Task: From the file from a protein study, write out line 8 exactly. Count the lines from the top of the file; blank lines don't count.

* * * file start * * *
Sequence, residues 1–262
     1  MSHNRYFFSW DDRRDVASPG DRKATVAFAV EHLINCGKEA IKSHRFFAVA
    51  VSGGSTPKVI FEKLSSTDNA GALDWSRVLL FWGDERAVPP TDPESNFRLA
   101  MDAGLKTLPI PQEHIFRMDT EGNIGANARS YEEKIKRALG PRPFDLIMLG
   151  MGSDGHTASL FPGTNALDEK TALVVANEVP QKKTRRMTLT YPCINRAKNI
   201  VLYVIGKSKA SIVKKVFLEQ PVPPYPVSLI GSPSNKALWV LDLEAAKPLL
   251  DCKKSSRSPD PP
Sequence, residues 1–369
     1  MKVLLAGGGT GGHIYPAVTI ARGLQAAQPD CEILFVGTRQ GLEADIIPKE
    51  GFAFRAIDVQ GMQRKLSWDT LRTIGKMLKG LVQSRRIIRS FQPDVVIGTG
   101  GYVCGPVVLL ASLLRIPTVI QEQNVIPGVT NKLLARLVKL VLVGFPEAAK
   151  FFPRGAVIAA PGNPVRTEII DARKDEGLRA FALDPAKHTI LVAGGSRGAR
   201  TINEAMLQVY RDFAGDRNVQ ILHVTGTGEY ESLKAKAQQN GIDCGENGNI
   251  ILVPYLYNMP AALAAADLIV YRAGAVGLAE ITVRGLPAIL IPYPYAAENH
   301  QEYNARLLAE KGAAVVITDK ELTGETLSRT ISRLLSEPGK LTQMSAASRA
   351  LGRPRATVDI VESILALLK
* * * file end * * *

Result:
Sequence, residues 1–369